For kids that have a basic interest in math, try using daily riddles to keep them thinking throughout the day. At breakfast, you may ask your child a riddle like, "What number has three tens and four ones?" or, "What is a mathematician's favorite dessert?" Your child can take the day to think about the riddle and tell you the answer when you're working on math practice worksheets after school!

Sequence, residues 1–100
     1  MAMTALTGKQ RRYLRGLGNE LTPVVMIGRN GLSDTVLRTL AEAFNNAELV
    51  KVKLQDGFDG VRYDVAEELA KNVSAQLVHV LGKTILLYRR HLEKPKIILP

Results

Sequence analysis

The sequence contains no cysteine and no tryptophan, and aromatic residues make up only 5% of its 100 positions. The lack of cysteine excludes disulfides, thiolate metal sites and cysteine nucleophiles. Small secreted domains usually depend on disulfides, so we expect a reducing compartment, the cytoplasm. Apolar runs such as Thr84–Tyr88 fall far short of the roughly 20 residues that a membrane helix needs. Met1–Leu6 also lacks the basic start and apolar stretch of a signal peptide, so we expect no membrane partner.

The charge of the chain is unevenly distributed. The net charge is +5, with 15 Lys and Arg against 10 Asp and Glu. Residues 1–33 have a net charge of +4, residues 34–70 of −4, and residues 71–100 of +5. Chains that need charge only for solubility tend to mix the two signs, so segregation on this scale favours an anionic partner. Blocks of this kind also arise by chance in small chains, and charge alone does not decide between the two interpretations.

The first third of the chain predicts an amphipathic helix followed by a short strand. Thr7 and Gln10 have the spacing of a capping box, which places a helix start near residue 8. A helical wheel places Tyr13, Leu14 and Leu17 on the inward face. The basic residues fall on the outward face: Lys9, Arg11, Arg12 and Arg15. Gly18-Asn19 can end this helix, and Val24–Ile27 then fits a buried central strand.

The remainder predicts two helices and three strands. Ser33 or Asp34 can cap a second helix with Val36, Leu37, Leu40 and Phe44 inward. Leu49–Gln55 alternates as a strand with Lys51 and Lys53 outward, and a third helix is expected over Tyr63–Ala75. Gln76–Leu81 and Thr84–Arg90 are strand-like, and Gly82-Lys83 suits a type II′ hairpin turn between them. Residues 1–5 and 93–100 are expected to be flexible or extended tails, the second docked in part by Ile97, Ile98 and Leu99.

Divide students up into teams of 4, and number them off so each person plays the role of Team Member 1,2,3, or 4. Ask a question from the worksheet and provide 30-60 seconds for each group to agree upon an answer. They should ensure every person on the team understands the reasoning, as they won't know which team member will be responsible for answering the question. Then, randomly call out a number between 1 and 4. The person on each team whose number was called writes his or her answer on an individual dry erase board (or sheet of paper). Team members can NOT help in any way, or they will lose a point. On your signal, the designated student holds up his or her board/paper to show the answer, and you (or a student volunteer) can award and record points on the board. When time is up, the team with the most points wins.